Teens With Problems
Return to Home Page FREE literature, catalogs and video to help parents dealing with a troubled, out of control  teen What type of help does my teen need? Take this test and find out if your child would benefit from behavior modification and residential treatment. Check out signs of teenage drug abuse, including marijuana and other illegal drugs, huffing, Ritalin, and other over-the-counter drugs. Read about the difference between conduct disorder and oppositional defiant disorder, and how they can be confused with ADHD or bipolar disorder

Detailed info on how to write a home rules contract for your family, including a printable blank contract Residential treatment programs, behavior modification programs, and boot camp alternatives for struggling, defiant and out of control teens. Books and Resources for parents about ADD, ADHD, Conduct Disorder, Oppositional Defiant Disorder, and Christian parenting Strategies for families with a defiant teen - restructure your home rules and tighten discipline My son began his drug use at age 9-1/2 and was diagnosed with ADD, bipolar disorder, conduct disorder and severe substance abuse; learn what we did to save his life.

To Help Your Troubled Teen
Residential Treatment with Behavior Modification and Boot Camp Alternatives
  • The Facilities page

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    The World Wide Association of Specialty Programs (WWASP) is an association of Residential Programs and Specialty Boarding Schools for teens ages 12 through 17. These Programs and Schools are designed for teens who are struggling in their home, school, or community. All of the Programs and Schools in the Association are independently owned and operated, yet follow a successful model that has been developed and refined over numerous years of experience.

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    The WWASP programs are unique in that they offer an exclusive "Warranty". All students who have met the criteria for successful completion from one of the WWASP facilities may be re-admitted to the Program for up to 60 days of free tuition, if he or she should slip into an old attitude of behavior patterns before the age of 18. WWASP is proud of its 96% Success Rate with teens who complete their 6-level program.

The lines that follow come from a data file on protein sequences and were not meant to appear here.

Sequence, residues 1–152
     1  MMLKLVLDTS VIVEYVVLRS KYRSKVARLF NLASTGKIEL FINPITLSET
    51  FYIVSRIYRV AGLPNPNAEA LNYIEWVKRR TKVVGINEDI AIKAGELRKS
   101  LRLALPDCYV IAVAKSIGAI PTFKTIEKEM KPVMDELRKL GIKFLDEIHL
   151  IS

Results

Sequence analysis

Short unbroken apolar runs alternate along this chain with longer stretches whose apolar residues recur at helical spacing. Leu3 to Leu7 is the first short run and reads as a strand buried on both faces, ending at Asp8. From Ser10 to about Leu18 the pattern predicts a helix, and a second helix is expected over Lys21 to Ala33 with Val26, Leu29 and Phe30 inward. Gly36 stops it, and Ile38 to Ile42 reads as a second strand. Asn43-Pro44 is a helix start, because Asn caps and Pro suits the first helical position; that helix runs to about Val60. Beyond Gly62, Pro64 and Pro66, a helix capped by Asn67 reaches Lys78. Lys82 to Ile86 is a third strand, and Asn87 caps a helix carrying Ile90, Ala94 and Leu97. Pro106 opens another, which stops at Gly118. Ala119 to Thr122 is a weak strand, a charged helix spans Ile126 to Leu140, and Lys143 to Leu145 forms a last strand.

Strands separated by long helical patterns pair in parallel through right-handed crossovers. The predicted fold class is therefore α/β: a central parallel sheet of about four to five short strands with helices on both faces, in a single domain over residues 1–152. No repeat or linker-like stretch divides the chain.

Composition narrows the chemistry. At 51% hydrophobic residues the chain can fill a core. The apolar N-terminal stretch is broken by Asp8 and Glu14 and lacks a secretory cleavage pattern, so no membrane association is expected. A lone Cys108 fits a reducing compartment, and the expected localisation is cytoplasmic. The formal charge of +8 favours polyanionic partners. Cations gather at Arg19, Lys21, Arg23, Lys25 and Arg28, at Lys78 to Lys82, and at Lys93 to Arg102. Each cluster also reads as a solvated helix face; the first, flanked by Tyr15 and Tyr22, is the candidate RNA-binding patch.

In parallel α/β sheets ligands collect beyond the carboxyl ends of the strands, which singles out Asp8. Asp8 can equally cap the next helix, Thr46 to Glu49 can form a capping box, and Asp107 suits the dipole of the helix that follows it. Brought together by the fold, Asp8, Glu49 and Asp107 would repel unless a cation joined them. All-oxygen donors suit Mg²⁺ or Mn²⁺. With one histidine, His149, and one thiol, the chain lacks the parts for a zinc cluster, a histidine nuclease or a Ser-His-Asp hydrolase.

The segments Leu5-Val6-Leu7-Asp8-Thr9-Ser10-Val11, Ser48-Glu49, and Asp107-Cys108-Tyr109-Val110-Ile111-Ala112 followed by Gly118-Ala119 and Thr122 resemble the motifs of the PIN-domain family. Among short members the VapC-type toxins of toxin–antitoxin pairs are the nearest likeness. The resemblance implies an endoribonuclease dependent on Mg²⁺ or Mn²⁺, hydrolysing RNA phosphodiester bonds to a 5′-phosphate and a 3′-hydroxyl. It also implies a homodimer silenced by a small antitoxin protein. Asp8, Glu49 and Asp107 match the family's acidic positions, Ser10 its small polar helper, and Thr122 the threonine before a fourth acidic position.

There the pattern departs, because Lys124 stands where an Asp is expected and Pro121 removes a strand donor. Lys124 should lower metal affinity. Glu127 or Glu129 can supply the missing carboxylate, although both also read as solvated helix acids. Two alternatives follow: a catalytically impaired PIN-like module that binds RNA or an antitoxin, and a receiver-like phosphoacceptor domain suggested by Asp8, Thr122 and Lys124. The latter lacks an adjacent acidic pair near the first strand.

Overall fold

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    Every WWASP facility uses a 6-level Behavior Modification Program to help get teens back on track and functioning. Students are required to maintain high standards. Appropriate behavior is encouraged, reinforced and rewarded. Poor behavior brings immediate consequences. The philosophy of the program is to offer each child a basis for making responsible choices in the future.

    Levels 1 through 3 of the program basically reteach a child to learn to follow rules. Levels 4 through 6 build on the successes a student has achieved in the first three levels. Teens are taught greater personal responsibility and accountability, and are helped to internalize appropriate coping strategies to help keep them on track when they return home. Teens on the upper levels work with those on the lower levels in a role-reversal type of situation, which helps teens gain greater understanding of what their parents might have gone through.

    As a child advances through the program, he or she is given additional opportunities to make personal choices. The program becomes a testing ground to ascertain each child's level of commitment towards changing past negative behaviors.